Trump had said the death of a U.S. contractor would be a red line and provoke U.S. escalation in Iraq. The December 2019 killing of a U.S. civilian contractor in a rocket attack in Kirkuk sparked a tit-for-tat fight on Iraqi soil that brought the country to the brink of a proxy war.

U.S. forces have been significantly reduced in Iraq to 2,500 personnel and no longer partake in combat missions with Iraqi forces in ongoing operations against the Islamic State group.

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Bus accident in Peru; 20 were killed and 14 were injured

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Peru: At least 20 people were killed and 14 others injured in Peru after an interprovincial bus skidded and overturned in Sihuas province in the northern Ancash region, authorities said on Monday.

According to the Parobamba district municipality on its Facebook page, the “accident left 18 people dead on the spot, with two more dying while being transferred.”

The accident occurred at about 7:00 am local time on Monday in the Palo Seco area, when the bus, from the “Fama Tours SA” transport company, skidded and overturned.

It was returning from the areas of Huanchayllo and Parobamba and heading to Chimbote and Lima, after the passengers had voted in the general elections on Sunday, a local radio station reported.

Peru’s transport authorities said in a statement that it “has activated all intervention protocols to gather information related to the accident for determining appropriate measures.”

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‘The Science of Compliance’: Pastor Responds to Police Barricade of GraceLife Church

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“They are not interested in the science called virology. It is more like the science of compliance.”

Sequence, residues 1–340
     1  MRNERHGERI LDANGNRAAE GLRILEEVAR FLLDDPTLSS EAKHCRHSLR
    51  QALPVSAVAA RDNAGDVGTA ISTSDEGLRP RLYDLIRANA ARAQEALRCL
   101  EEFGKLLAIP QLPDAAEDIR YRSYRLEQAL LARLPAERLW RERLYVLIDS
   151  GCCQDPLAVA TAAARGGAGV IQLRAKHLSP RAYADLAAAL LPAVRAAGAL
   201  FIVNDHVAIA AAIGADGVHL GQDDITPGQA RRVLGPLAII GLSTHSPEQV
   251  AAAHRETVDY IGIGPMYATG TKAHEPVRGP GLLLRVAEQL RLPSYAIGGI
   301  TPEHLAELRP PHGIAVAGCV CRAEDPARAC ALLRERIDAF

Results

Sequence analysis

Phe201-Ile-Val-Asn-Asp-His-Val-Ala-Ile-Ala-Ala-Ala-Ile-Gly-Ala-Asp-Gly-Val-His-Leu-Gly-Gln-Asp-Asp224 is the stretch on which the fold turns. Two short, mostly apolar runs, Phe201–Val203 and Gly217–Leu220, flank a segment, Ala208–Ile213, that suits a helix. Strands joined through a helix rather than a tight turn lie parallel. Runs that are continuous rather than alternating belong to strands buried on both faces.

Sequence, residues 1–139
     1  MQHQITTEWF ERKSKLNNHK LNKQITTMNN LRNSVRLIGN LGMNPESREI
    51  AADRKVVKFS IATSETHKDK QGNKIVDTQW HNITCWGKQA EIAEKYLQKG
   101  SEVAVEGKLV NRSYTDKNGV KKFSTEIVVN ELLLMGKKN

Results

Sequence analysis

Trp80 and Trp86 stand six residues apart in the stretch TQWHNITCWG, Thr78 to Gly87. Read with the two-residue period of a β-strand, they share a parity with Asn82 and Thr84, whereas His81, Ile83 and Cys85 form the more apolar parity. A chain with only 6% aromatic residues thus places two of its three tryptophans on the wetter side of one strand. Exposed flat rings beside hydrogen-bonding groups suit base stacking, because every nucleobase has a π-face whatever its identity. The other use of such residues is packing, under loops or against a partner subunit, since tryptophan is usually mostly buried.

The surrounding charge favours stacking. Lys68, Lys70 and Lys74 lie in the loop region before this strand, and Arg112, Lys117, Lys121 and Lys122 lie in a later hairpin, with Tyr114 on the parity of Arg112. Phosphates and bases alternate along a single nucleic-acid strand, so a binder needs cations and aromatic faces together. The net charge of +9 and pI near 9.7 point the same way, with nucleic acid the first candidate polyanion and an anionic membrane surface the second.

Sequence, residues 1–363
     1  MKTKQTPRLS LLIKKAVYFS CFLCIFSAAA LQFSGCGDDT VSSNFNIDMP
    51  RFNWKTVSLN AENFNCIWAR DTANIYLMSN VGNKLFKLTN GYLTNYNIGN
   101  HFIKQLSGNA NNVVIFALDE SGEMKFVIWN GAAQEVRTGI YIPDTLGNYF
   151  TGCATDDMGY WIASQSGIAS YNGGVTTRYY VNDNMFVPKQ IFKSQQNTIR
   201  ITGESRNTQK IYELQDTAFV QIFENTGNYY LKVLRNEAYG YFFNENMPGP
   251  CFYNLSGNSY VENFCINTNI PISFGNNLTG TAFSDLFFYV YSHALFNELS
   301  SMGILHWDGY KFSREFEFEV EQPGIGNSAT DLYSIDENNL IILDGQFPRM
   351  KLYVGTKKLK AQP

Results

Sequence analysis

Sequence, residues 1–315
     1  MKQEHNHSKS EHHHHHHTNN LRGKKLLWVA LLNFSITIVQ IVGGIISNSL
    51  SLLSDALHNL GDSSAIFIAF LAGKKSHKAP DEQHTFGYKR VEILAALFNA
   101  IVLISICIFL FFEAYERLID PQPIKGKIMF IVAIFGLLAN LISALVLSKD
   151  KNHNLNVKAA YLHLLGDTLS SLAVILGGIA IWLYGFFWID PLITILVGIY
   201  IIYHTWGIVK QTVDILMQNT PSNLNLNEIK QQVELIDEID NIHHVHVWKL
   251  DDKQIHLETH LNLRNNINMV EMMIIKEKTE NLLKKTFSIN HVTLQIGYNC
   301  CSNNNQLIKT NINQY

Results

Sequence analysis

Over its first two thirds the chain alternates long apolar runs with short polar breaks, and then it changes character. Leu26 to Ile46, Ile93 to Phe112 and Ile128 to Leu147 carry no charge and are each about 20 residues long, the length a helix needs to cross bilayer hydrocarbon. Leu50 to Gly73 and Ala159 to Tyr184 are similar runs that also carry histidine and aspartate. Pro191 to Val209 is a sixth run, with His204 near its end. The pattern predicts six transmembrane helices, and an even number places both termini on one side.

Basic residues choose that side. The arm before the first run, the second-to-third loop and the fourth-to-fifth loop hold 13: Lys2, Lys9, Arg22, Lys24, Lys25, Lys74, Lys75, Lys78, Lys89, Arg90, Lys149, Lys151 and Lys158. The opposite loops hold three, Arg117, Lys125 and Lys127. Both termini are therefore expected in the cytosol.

Pastor Doug Wilson of Christ Church in Moscow, Idaho, took to his blog this morning to respond to the show of force against GraceLife Church in Canada.

Wilson, who became more widely known after his series of high profile debates with famed atheist Christopher Hitchens, in which Wilson offered stiff competition and a steady stream of witty comebacks.

Wilson’s piece, titled ‘Putting on Our Coates Coats’ confronts the disturbing news that spread across social media last week.
Coates recently served over a month in jail, only to be released and see his GraceLife Church building surrounded by fencing put up by the government. They were shut down, resulting in protests and an even larger police response.

Wilson argued that “ideas have consequences” and highlighted the differences between worldviews.

People act the way they do for reasons. As Richard Weaver taught us, ideas have consequences.

If you believe in God, if you think that the cosmos was created from nothing, if you believe that mankind was created in the image of God, then it is possible for you to believe that we have rights. And by rights, I do not mean privileges, but rather actual rights. These rights cannot be revoked by bureaucratic fiat, they cannot be abridged by executive order, and they cannot be adjusted or trimmed by the winners of elections, stolen or otherwise.

But if you don’t believe in God, if you believe that this material universe is a meaningless concourse of atoms, if you believe that life originated all by itself accidentally in a primordial goo-pond somewhere, and that we are simply simians that learned to shave, then it follows of necessity that we do not have any rights at all. We are nothing more than meat and bones and protoplasm.

Wilson said “the real travesty” occurs when followers of God go along with “the dictates of those who affirm the second scenario” and shouldn’t leave us surprised when a pastor like Coates stands up and “acts like a real pastor.”

He went on to argue that “flat refusal to cooperate” is the only way out.

“We have no business appealing to their god with any hope of getting the kind of determination that we would get if we were appealing to our God,” Wilson said.

“You can’t gather figs from thistles. You can’t get sweet water from a brackish spring. You know. You can’t order a Whopper at MacDonalds. You will not get Christian blessings from pagan gods.“
Siurces:faithwire